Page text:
DALLAS -- Armed with his spanking-new hand-held electronic organizer, Dallas Mayor Jim Fairchild tackled his new job last week.
After being sworn in Tuesday night as the city's 22nd mayor since 1900, his schedule started filling up with meetings.
Fairchild started off the week by meeting with DHS Principal Dave Novotney.
"We talked about some ways to get students involved with city government. I want to see what the kids want to do instead of us telling them what we would like," Fairchild said.
At the planning commission workshop at noon on Thursday, Faircild listened as the members of the planning commission discussed their agenda for their monthly meeting the following Tuesday. After the meeting he signed letters and memos at city hall.
Thursday afternoon, Fairchild met with Dallas Schools Supt. Dave Voves and discussed
ways to get more students involved with city government.
He ducked into the Aquatic Center to watch part of the swim meet between Dallas High School and Tualatin. The former coach likes to show his support for the Dallas teams by going to as many sporting events as he can fit into his schedule.
Then Fairchild had dinner with the members of the Dallas Fire Department at their monthly business meeting. He's been a volunteer firefighter for about six years and an EMT for the ambulance service for 20. He's giving up his duties in both departments because his responsibilities as mayor are sometimes in conflict with the drilling schedule of the fire department.
"I'll be part of the support team for the fire and ambulance departments," Fairchild said.
At city hall the next day, he signed about 15 city checks to pay bills. The city charter requires the signature of two of the three designated signers who include the city manager, city council president and mayor.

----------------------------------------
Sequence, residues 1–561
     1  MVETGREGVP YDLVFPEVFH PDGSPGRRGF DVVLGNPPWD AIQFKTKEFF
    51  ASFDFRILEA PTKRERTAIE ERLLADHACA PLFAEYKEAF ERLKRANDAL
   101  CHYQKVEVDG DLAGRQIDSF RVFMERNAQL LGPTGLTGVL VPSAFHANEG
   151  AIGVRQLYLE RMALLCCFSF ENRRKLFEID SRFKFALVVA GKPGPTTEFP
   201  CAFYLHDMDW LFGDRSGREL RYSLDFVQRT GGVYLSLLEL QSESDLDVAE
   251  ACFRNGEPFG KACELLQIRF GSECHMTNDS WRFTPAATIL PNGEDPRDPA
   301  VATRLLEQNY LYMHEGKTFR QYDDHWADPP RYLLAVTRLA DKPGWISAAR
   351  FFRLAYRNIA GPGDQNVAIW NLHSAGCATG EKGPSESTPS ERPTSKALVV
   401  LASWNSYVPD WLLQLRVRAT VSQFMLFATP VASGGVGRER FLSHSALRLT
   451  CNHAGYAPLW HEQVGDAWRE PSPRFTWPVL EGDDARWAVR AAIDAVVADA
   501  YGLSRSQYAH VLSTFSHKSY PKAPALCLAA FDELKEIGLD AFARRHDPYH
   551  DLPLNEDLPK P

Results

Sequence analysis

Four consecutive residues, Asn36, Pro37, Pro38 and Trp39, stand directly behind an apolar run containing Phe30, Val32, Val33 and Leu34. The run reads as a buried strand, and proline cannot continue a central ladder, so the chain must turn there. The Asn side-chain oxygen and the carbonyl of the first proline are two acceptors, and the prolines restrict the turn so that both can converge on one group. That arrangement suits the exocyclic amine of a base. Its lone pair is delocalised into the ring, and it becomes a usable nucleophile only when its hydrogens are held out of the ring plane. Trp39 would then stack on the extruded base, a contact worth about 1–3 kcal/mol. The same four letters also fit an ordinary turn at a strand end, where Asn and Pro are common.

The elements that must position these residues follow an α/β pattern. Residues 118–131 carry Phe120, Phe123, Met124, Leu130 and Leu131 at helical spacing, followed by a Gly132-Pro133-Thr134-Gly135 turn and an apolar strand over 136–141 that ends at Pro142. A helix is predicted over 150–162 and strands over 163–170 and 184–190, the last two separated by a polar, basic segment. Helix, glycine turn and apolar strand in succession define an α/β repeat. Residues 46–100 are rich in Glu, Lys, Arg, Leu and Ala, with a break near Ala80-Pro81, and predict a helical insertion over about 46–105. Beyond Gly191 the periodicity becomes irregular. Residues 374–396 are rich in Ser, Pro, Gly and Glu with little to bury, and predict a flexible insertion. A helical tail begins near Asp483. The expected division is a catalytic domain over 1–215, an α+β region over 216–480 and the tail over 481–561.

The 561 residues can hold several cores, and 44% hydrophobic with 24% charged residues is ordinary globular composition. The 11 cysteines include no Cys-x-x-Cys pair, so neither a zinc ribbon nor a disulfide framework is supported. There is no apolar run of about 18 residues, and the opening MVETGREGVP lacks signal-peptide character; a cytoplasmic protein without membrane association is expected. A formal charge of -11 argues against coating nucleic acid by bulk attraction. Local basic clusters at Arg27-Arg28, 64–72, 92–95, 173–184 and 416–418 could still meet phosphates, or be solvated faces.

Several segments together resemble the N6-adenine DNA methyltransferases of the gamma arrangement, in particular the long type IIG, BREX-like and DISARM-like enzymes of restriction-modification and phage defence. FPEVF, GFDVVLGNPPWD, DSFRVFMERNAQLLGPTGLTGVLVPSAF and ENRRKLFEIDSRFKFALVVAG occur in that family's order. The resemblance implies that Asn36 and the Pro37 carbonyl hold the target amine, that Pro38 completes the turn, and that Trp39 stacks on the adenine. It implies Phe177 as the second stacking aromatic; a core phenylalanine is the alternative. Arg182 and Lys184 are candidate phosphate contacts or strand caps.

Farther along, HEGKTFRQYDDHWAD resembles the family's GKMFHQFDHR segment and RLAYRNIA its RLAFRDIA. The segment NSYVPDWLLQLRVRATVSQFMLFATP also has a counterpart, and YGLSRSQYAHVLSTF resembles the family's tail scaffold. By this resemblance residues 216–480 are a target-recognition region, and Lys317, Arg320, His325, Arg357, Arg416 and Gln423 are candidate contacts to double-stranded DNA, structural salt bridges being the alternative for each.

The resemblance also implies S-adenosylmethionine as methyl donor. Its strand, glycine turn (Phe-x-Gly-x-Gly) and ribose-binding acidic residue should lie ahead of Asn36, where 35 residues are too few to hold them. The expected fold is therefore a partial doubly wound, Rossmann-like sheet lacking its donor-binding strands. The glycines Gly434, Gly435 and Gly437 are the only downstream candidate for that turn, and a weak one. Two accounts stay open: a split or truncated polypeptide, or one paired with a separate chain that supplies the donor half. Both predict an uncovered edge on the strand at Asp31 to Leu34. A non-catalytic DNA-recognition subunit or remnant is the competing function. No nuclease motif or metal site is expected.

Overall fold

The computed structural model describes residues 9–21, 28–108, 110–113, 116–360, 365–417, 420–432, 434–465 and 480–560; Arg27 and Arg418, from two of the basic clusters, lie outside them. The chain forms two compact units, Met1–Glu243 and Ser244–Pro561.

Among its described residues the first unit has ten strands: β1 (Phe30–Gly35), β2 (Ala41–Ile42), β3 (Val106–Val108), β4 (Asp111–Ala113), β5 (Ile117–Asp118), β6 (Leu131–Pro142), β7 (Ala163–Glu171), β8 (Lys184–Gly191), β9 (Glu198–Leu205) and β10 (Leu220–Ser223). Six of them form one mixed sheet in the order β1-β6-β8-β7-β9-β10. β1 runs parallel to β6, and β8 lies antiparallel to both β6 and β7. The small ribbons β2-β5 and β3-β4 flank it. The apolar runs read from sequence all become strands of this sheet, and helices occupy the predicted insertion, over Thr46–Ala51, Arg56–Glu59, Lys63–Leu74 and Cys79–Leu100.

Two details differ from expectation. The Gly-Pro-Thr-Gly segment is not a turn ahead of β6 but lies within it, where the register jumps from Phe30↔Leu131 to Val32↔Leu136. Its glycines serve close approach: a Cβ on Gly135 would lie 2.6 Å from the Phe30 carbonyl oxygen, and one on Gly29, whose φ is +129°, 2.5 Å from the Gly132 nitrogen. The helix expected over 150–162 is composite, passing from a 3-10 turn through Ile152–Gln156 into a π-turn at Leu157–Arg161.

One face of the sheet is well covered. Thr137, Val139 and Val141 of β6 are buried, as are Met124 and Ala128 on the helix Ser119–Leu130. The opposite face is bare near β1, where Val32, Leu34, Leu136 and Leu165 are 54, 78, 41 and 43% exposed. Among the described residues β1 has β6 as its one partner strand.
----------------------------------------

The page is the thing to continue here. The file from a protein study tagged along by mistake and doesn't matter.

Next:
After signing checks he met with City Manager Roger Jordan to finalize the plans for the farewell reception held Jan. 8 for former Mayor Gwen VanDenBosch and Council President Eldon Bevens. Ken Woods Jr. was elected Tuesday night to serve as council president.
Fairchild ended his first week the way it had begun, focusing on Dallas High School. He headed over to the gym to watch the Dallas High School boys basketball team beat Canby.
His second week was launched with a lunch meeting with Woods and Jordan to discuss the development of a leadership team among the three of them. He attended the farewell reception for Bevens and VanDenBosch Monday evening.
The city planning commission meeting and a high school wrestling match was on the agenda for Tuesday.
Fairchild said he's had a few phone calls since taking office. A few were congratulatory and a few were to set up future meetings. He was asked to speak to the local chapter of the American Association of Retired Persons in February.
"I'm just trying to get my feet on the ground," Fairchild said.
Scanning his electronic datebook, he sees meetings this month with the Parks and Recreation Board, the Mid-Willamette Council of Governments, the mayor's coalition, the Chemeketa Library Board, the City Council and the council standing committees.
Fairchild plans to hold monthly informal coffee get-togethers where he will listen to citizens' concerns. He is talking with local restaurants to set that up.
So that's just the first week in the life of Dallas' new mayor -- and it's a good thing Fairchild's family gave him that organizer for Christmas.